We had a lot of fun with that test, but wouldn't it have been even more interesting to use someone who didn't start out as a trained runner? Sure!

That would require finding the right lab rat. Maybe someone who wasn't athletic and sporty growing up... think "classic band-geek who's into computers." Like me. :^) Even as an adult who became active, I simply didn't enjoy running. "Sorry dear, I know you looooove running, but it's mountain biking for me -- your 'fun' hurts too much!" So of course I've never trained to run any of the races I would never have thought to enter in the first place. Like Robie. (Cue the ominous music.) Growing up in Boise, I was well aware of this annual rite that draws thousands of masochistic runners from all over: The Race to Robie Creek, billed as "the toughest half-marathon in the Northwest." No kidding.

It's so easy to be all macho about stuff in the future, isn't it? "Alright, T -- if you actually run that Moab ultra, I'll run Robie!"

Then, wouldn't you know it, the future arrived. It was test time. Would my unspecialized training let me "perform well" at this fabled exercise in running brutality? Or, failing that, could I at least finish the horrid thing and not be prevented from using stairs for a week? Here's how it all went down:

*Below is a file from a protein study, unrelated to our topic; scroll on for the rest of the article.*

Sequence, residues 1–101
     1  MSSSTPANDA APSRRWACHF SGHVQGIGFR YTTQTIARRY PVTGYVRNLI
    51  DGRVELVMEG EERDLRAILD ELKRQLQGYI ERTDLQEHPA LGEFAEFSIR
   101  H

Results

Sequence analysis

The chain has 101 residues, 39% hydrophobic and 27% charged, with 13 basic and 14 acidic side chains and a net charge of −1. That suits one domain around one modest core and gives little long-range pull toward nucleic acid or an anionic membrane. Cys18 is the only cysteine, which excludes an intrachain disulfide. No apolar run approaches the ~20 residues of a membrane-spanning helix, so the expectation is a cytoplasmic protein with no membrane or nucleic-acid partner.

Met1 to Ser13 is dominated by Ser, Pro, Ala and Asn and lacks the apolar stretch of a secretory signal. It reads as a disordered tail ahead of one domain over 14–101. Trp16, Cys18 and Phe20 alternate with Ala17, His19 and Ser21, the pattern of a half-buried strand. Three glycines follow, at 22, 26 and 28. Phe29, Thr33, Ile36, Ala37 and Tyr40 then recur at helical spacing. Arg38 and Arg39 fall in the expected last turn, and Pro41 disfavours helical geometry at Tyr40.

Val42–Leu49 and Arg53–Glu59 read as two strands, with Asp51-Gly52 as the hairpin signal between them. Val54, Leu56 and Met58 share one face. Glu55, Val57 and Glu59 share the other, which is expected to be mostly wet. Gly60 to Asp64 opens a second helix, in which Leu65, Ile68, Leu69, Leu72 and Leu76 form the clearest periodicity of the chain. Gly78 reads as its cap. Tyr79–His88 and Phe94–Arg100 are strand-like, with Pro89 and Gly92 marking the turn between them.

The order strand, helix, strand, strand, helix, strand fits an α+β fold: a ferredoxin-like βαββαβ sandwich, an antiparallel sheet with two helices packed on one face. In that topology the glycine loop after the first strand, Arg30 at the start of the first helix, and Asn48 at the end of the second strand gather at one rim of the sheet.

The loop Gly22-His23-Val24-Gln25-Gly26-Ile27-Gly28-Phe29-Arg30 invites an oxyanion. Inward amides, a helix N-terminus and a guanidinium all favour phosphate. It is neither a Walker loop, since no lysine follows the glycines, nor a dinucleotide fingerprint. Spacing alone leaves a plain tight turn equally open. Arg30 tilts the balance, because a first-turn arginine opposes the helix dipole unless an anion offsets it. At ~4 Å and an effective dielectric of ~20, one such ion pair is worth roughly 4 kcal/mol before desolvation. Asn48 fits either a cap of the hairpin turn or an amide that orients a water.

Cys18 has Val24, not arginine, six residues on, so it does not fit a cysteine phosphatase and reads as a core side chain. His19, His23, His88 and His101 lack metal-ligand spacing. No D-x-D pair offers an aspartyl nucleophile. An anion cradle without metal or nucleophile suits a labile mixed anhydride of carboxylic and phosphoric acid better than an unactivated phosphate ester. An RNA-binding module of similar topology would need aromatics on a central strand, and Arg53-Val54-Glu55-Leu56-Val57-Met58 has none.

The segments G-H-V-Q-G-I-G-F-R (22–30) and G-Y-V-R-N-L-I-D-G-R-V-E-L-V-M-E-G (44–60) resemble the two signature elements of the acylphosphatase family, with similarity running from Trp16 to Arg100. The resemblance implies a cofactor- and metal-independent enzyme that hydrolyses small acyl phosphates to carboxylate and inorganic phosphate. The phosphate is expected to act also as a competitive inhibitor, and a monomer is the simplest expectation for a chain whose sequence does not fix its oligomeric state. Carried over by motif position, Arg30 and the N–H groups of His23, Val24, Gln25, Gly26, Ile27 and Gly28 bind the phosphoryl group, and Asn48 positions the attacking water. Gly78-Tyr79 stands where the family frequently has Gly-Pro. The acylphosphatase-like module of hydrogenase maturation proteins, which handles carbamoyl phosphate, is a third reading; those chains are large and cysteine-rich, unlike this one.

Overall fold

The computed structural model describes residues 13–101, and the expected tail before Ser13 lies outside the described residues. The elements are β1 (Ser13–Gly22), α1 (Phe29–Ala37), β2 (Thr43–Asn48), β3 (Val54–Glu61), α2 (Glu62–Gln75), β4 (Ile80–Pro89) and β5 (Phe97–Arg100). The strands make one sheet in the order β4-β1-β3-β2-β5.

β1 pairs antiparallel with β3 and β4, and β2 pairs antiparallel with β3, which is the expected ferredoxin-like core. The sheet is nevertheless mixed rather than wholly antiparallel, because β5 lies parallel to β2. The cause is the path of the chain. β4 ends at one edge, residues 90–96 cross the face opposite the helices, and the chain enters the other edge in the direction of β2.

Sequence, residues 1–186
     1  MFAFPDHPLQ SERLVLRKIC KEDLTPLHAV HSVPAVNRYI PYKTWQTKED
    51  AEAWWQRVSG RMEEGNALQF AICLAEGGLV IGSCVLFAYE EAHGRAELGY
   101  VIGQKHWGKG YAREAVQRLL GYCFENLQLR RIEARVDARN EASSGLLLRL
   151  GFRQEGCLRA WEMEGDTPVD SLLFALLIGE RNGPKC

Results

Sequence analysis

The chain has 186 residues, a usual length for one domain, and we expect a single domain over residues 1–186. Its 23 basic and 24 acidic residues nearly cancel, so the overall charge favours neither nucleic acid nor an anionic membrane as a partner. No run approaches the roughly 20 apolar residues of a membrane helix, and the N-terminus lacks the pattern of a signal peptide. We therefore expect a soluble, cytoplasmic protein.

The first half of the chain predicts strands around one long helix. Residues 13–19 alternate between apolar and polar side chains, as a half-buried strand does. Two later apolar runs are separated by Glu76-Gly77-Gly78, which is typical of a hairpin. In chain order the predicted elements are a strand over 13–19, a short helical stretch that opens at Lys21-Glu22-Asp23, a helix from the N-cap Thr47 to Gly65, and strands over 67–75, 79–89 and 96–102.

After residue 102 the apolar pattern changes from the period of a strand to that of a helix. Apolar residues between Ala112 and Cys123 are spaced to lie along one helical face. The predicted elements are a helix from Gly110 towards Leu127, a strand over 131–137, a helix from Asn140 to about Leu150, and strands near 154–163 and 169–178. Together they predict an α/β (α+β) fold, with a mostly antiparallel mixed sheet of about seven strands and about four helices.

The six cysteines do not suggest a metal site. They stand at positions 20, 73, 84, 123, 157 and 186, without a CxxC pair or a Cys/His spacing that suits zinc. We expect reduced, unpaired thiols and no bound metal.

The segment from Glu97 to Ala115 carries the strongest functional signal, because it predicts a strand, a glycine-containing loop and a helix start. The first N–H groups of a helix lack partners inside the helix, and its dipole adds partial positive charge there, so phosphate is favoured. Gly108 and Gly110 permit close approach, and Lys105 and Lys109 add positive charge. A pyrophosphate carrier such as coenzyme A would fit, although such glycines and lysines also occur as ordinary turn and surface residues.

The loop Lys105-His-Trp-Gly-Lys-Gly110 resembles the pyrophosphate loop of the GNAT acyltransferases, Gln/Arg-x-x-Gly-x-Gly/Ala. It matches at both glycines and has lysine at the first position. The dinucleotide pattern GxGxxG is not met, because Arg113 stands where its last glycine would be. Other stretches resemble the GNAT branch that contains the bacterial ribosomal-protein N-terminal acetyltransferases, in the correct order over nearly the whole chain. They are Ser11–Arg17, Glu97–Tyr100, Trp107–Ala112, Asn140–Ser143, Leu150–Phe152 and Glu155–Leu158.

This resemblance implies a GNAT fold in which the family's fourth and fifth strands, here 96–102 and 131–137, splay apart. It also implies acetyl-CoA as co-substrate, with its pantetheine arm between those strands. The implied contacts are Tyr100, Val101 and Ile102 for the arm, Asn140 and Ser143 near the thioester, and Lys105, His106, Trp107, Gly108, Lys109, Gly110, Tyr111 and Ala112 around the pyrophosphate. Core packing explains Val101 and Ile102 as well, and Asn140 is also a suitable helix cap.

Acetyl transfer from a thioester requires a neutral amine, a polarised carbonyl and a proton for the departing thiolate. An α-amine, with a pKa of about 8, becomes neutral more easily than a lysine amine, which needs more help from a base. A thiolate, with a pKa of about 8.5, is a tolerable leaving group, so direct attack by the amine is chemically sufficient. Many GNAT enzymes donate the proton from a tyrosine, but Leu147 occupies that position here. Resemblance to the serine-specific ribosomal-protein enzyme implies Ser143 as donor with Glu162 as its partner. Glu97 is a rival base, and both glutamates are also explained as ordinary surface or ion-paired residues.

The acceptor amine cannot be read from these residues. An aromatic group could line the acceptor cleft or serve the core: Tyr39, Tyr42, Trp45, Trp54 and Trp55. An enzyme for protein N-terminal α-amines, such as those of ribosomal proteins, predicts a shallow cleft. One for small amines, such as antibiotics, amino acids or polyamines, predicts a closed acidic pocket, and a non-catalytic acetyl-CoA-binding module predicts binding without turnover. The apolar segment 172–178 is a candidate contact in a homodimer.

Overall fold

As for the stairs question: happily, no problem! While I could certainly feel tightness in my legs for a couple of days, I wasn't hampered. Case in point: the Monday morning following the race I turned in a strong performance on our regularly-scheduled random CrossFit beatdown, which happened to be dominated by lunge-walking and squats.

(P.S.: Did you notice who was already there, waiting for me at the finish line? Yeah, the little sandbagger. Even that morning, Tammy was saying she didn't expect to be able to do more than jog/walk Robie in a social way because of training for, running, and having only three weeks to recover from a very different kind of race. Yet she ended up being the 25th female over the line and outright won her age division! Needless to say, she's thrilled with having gained the capacity to so casually demolish the best results she ever saw with her previous training methods.)

Saturday, April 17, 2010

Greg and Tammy - Strengths for Robie

Ha Ha!! It's funny that people say/think Greg and I are competing in the Race to Robie Creek. Friends/family have said to both of us that they expect me to beat Greg because I'm a runner.